Operation Urgent

project management in conflict and post-conflict countries

Abstract

Our presentation will cover the following topics related to project management in conflict and post-conflict societies: a brief survey of the conflict and post conflict societies this paper is based upon; the goals and objectives of project management in conflict and post-conflict societies; some important tools and techniques to employ in such project management settings; a summary of the key points; and, a sketch of the future.

Introduction

Our presentation asks and attempts to answer two questions concerning project management in conflict and post-conflict countries:

  How does project management in these types of countries differ from project management in peaceful countries?

  What specific tools and techniques work best when executing projects in such countries?

We believe these are important questions to ask and answer given that there now exist 37 countries in Africa, Asia, the Balkans, and the Middle East are in a state of conflict or post-conflict reconstruction and development. More importantly, in calendar year 2004, over $200 billion USD was spent in various reconstruction, redevelopment, and humanitarian relief throughout the world. Regardless of the nature of the project concerned, from health care delivery, to food aid, to security-related, the number of projects being implemented in conflict and post-conflict societies is in the thousands of thousands. Critical in these reconstruction and development efforts is the need for project teams to deliver quick and demonstrable results that improve the physical and economic status of recipient communities.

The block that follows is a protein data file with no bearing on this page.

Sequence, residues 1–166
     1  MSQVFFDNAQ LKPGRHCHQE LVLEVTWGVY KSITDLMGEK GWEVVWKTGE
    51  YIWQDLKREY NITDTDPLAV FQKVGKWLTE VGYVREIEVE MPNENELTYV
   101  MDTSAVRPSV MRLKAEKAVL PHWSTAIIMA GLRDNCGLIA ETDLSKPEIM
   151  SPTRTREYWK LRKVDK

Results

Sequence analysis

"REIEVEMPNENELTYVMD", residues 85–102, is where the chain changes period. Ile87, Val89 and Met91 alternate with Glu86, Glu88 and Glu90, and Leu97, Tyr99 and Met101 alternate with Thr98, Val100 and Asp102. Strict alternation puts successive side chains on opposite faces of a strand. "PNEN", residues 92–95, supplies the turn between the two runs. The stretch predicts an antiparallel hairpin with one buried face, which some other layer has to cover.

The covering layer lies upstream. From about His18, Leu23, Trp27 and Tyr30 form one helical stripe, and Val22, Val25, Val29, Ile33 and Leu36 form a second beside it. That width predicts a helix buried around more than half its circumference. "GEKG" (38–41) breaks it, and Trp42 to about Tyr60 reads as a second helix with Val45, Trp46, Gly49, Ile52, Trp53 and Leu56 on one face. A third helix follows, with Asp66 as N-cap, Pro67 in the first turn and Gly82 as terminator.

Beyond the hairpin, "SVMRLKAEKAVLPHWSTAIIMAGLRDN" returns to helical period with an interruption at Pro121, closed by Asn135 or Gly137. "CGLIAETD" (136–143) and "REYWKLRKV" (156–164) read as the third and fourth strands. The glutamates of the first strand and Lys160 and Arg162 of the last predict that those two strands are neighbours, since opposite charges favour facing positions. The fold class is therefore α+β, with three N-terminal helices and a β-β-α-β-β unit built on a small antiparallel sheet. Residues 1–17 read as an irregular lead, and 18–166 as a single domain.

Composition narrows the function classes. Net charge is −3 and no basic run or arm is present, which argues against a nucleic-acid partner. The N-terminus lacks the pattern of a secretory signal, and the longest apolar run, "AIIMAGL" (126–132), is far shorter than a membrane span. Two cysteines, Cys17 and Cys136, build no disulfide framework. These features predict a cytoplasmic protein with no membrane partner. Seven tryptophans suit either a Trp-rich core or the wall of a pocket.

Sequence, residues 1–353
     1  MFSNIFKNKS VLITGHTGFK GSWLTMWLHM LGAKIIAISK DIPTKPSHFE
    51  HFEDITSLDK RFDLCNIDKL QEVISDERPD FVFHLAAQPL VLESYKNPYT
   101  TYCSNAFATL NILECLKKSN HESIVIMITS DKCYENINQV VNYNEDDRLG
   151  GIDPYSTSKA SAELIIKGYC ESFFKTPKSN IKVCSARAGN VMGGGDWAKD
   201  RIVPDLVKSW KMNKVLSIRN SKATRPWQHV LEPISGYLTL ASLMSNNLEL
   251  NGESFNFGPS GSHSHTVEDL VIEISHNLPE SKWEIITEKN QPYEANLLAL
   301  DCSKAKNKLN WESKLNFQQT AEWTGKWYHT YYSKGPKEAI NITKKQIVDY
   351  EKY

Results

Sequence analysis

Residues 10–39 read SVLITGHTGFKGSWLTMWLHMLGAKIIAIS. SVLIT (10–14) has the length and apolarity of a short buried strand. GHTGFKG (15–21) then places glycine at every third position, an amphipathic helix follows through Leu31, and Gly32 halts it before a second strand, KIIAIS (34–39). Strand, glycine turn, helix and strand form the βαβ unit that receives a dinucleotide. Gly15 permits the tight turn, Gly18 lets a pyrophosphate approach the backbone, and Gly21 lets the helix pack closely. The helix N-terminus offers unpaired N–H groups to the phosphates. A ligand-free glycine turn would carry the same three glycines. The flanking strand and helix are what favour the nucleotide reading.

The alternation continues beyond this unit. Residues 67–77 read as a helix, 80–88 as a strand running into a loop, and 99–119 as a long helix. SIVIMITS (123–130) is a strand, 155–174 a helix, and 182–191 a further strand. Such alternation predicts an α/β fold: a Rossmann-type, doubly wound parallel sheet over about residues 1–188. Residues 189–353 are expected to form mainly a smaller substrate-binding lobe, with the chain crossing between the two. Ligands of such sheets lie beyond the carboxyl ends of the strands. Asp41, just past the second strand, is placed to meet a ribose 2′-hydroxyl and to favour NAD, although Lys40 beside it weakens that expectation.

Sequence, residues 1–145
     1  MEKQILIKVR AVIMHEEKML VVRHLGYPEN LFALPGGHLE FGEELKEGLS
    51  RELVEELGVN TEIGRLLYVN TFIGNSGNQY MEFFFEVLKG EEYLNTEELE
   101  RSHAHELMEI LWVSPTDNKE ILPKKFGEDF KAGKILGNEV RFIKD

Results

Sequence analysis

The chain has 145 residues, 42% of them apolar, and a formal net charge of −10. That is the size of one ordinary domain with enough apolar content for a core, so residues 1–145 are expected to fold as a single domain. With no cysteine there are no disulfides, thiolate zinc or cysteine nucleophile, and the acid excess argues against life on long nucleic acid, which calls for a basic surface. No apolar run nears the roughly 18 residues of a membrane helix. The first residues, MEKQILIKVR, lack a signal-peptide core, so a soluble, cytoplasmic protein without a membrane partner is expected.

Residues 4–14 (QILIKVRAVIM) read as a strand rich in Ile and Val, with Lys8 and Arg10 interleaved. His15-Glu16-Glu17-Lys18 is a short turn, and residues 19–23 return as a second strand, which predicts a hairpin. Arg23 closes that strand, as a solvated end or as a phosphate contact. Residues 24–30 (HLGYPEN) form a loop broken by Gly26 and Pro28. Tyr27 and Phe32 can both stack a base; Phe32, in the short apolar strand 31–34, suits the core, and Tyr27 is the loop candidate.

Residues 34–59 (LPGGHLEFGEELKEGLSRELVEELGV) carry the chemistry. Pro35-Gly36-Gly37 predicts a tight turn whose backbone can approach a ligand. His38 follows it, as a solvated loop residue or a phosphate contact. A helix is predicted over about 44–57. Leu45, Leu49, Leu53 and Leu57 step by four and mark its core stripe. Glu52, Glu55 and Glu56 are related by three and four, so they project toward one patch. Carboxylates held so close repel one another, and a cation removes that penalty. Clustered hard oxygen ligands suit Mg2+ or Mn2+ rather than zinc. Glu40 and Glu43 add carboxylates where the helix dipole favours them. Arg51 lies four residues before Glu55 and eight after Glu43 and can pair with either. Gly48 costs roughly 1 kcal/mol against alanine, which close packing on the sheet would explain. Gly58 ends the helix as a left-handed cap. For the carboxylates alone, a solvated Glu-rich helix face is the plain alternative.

Because we are not able to use actual project data due to proprietary issues, our paper relies on anecdotal experiences of project management in the following conflict and post-conflict societies: Iraq, Sudan, Sri Lanka, Bosnia, Kosovo, and Palestine. We look at the project lifecycle and discuss common project management experiences and key tools and techniques used at each phase of a typical project. Finally, our paper identifies key success factors and lessons learned from project management in conflict and post-conflict countries.

Points of Departure